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Friday newspaper round-up: Carbon scheme, vaccine passports, GlaxoSmithKline, CMA

Ministers have drawn up radical plans to reduce carbon emissions that would increase gas bills and the cost of running a car by hundreds of pounds a year, The Times has learnt. The government is planning to introduce a carbon reduction scheme that could put up the costs of gas and petrol as part of an attempt to decarbonise the economy. – The Times
Up to five million Britons face being locked out of European holidays because their vaccines are not recognised by the EU’s passport scheme, the Telegraph has learned. Millions of vaccines administered here do not qualify for the European Union’s vaccine passport scheme, because the shots were manufactured in India and are not yet authorised by the European Medicines Agency (EMA). – Telegraph

Labour has narrowly won the Batley and Spen byelection, holding on to the West Yorkshire seat after a hotly contested campaign. Labour won 13,296 votes with the Conservatives recording 12,973, according to official results. Kim Leadbeater defeated Ryan Stephenson, the Tory candidate, by 323 votes. George Galloway, representing the Workers Party of Britain, came third with 8,264 votes. – Guardian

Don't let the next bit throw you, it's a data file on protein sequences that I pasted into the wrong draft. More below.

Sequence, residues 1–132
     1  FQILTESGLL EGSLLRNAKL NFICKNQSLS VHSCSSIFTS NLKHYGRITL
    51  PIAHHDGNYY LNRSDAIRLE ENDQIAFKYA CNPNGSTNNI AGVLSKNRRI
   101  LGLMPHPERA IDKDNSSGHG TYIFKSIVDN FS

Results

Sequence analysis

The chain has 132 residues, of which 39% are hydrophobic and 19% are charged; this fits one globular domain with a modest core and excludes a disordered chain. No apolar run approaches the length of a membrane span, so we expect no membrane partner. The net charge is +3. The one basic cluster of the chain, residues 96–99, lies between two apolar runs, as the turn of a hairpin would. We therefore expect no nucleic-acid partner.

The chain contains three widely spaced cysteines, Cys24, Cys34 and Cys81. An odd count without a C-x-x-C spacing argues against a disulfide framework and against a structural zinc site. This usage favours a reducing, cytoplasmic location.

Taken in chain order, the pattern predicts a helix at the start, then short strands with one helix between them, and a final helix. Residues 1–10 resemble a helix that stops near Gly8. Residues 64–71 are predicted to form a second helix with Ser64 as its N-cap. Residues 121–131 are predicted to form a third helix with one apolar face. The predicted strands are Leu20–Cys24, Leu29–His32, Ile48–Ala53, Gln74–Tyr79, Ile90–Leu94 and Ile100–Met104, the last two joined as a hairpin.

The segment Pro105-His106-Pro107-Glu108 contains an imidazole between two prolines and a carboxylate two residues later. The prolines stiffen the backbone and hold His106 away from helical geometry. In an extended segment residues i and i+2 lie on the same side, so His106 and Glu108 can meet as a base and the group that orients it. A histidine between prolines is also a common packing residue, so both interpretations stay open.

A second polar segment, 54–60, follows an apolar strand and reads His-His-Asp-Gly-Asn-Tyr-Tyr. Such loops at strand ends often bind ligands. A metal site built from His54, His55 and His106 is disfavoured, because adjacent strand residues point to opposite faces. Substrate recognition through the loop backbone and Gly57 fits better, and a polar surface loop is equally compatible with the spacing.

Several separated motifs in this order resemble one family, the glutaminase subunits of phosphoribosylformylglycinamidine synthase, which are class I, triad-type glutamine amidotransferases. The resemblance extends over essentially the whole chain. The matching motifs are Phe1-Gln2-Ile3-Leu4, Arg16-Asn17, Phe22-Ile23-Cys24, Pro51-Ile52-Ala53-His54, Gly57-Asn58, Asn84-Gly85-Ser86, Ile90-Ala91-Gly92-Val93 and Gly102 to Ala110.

An American hedge fund has called on GlaxoSmithKline to consider an overhaul of its board and a sale of its consumer healthcare business. In an open letter to Sir Jonathan Symonds, the British drugs company’s chairman, Elliott Management made a series of demands and criticised years of “severe” underperformance and “under-management”. – The Times

Ireland has joined a rebellion against Joe Biden’s global deal on corporation tax as it seeks to maintain the low rate that has made it an EU haven for tech giants. The country is among nine others which have rejected the deal, with Ireland’s finance minister saying it was not in a position to join the agreement due to proposals for a global minimum tax rate of at least 15pc which have been championed by the US. – Telegraph

The former chair of the Competition and Markets Authority (CMA) has said the huge online marketplace fostered by tech companies such as Amazon, Facebook and Google means the opportunity to “rip off ordinary people” is growing and that the regulator is struggling to keep up. In a new report, Andrew Tyrie, who quit as chair of the competition watchdog last year, argues that one of the CMA’s biggest problems is that many consumers and businesses have “never heard of it”. – Guardian

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